Missile tests don't alter core US-North Korea dynamic

Missile tests don't alter core US-North Korea dynamic
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North Korea’s recent missile and rocket tests have revived questions about the viability of the Trump administration’s nuclear negotiations with Pyongyang. But the type of systems tested, and the low-key U.S. response, suggest that these recent provocations fit within the pattern of dialogue. The underlying issue is not the North’s missile tests, but the question of whether the two sides are working toward a common goal.

North Korea carried out tests of two short-range ballistic missiles on July 25. They were initially believed by U.S. and South Korean military and civilian analysts to be variants of Russia’s Iskandar missiles. The North has tested variants of this road mobile short-range missile system before.

While any ballistic missile test may be seen as a violation of United Nations resolutions, short range systems do not violate the assurances North Korean leader Kim Jong UnKim Jong UnBeware the 34th month of Trump's presidency The Trump doctrine: Principled realism or endemic confusion? Stockholm breakdown reflects North Korea's failure to compromise MORE reportedly gave U.S. President Donald TrumpDonald John TrumpWarren defends, Buttigieg attacks in debate that shrank the field Five takeaways from the Democratic debate in Ohio Democrats debate in Ohio: Who came out on top? MORE, when he committed to refrain from longer-range tests that could reach U.S. territories.

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North Korean media noted that the July 25th tests were a signal to South Korea, criticizing Seoul for bringing new weapons systems into the country (a likely reference to South Korea’s F35 purchase) and upcoming military exercises with the United States. The lower altitude flight of the North Korean missiles, coupled with demonstrations of maneuverability in the final flight phase, highlight the potential value of these systems to target air bases in South Korea, potentially countering missile defense systems. North Korea’s air force has little to counter the South’s advanced fighters in the air, but Pyongyang has showcased its potential ability to strike them even before they get off the ground.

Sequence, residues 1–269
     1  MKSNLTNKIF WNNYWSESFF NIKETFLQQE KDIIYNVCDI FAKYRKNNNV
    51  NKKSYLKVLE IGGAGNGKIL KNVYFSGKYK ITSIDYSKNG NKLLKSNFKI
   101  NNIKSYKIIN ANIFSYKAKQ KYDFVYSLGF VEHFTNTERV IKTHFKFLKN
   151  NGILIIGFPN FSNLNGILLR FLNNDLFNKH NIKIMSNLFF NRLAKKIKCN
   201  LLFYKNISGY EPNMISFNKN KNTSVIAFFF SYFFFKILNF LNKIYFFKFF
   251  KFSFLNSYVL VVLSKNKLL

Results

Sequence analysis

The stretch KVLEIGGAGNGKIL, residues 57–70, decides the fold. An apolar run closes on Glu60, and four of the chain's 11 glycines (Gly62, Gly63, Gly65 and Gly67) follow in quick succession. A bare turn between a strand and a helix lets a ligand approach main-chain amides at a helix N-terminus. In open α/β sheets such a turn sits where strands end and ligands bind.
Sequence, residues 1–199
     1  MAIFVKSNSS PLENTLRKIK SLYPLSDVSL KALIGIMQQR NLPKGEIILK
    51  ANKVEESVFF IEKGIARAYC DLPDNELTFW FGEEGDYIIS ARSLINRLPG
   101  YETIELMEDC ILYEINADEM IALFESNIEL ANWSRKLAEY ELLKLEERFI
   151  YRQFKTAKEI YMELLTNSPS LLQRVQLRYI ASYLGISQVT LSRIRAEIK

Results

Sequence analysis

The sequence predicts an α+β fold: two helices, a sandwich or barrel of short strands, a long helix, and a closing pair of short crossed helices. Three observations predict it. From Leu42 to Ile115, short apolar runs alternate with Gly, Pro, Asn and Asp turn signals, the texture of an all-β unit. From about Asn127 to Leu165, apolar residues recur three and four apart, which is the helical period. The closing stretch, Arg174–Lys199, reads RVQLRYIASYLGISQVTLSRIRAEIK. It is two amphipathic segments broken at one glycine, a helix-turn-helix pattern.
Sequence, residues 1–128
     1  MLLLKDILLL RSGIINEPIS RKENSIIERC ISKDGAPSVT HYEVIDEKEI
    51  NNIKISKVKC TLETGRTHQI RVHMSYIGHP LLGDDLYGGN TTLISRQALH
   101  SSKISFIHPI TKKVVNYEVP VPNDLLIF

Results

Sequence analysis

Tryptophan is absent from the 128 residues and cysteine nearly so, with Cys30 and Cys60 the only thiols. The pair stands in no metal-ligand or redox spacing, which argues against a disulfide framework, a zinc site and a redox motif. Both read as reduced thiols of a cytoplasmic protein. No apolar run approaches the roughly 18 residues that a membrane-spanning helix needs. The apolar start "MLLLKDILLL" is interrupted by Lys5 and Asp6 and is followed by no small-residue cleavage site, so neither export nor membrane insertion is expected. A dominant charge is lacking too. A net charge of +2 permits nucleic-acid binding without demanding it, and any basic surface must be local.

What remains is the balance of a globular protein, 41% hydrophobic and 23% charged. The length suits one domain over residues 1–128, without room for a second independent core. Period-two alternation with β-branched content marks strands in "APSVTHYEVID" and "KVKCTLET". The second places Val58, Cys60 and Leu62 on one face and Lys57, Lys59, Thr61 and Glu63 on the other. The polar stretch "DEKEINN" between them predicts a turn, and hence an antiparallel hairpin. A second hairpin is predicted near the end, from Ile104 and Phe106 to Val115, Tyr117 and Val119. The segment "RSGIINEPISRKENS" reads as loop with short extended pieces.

Less than a week after the missile tests, North Korea carried out another live fire exercise, one that Seoul initially labeled as more ballistic missiles, but which Pyongyang has said were advanced rocket systems. Images from North Korean media showed a tracked vehicle hosting six rocket tubes, suggesting the North has purchased or developed a larger diameter multiple rocket launch system (MRLS). MRLS systems are a key component of North Korea’s coastal defense capabilities, as well as mobile systems for battlefield use. A different MRLS system was used in the 2010 shelling of South Korea’s Yeonpyeong Island.